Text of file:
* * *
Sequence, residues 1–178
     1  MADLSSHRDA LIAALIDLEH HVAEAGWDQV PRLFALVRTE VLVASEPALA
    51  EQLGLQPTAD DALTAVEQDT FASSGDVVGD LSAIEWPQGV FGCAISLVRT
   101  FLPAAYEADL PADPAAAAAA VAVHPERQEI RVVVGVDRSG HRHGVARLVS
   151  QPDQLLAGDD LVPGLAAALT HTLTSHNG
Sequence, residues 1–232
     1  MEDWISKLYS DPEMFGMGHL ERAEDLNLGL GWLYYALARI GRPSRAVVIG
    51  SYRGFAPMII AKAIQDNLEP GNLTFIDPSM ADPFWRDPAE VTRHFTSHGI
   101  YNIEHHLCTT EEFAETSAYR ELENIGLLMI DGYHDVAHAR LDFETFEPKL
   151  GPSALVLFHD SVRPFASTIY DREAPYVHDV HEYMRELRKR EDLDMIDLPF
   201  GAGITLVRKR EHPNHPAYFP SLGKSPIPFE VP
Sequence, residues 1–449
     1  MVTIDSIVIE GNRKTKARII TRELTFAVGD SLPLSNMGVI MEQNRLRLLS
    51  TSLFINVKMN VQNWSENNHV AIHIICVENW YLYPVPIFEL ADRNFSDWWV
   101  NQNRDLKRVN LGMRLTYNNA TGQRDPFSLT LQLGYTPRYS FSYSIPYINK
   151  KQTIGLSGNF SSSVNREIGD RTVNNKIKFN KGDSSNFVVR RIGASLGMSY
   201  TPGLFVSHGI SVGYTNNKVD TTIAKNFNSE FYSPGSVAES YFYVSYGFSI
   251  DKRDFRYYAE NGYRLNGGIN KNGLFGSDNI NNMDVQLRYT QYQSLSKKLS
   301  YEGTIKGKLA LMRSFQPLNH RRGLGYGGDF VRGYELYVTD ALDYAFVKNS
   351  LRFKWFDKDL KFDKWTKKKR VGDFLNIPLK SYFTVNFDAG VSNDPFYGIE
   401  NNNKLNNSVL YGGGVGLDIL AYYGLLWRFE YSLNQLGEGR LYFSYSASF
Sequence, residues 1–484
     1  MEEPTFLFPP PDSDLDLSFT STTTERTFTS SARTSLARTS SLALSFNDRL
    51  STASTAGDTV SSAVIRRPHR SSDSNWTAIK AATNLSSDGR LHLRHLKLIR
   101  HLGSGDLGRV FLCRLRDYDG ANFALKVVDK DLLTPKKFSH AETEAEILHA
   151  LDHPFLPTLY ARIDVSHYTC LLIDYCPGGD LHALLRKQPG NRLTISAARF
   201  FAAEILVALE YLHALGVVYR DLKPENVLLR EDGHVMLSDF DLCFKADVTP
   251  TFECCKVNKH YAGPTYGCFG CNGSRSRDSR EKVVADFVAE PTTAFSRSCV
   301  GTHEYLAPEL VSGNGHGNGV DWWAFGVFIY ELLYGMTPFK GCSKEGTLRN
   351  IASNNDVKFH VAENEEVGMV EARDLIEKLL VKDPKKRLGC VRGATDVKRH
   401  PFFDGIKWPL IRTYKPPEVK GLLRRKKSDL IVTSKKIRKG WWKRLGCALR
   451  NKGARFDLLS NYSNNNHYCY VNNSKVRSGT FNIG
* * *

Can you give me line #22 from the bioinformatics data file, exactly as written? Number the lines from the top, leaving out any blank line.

Sequence, residues 1–484